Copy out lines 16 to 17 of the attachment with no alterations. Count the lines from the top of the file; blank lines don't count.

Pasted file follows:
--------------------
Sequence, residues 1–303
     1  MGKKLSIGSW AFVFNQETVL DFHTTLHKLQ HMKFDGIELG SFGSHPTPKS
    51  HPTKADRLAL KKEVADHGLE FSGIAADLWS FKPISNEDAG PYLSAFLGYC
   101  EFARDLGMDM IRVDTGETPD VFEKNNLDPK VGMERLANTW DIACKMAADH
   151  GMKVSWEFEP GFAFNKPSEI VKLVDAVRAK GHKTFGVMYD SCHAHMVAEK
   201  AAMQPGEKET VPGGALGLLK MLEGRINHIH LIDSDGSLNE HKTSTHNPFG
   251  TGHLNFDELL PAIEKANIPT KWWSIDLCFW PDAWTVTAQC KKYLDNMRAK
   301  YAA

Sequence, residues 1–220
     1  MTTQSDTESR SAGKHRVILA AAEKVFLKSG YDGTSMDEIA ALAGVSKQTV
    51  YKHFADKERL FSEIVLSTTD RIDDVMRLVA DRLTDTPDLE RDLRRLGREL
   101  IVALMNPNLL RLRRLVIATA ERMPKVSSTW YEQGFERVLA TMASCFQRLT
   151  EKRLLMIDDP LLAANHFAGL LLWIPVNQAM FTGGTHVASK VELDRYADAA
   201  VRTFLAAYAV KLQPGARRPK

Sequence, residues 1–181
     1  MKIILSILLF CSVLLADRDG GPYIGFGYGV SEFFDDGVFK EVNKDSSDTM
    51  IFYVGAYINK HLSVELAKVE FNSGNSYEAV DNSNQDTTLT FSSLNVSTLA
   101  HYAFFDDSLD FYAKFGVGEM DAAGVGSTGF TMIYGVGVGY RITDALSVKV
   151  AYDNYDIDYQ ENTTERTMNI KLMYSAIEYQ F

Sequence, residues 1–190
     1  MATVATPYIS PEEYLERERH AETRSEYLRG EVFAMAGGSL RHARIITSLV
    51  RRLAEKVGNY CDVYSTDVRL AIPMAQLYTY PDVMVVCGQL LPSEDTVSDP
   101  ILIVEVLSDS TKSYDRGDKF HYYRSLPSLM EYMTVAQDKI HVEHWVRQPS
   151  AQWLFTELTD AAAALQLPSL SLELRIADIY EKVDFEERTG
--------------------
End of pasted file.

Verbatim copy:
     1  MKIILSILLF CSVLLADRDG GPYIGFGYGV SEFFDDGVFK EVNKDSSDTM
    51  IFYVGAYINK HLSVELAKVE FNSGNSYEAV DNSNQDTTLT FSSLNVSTLA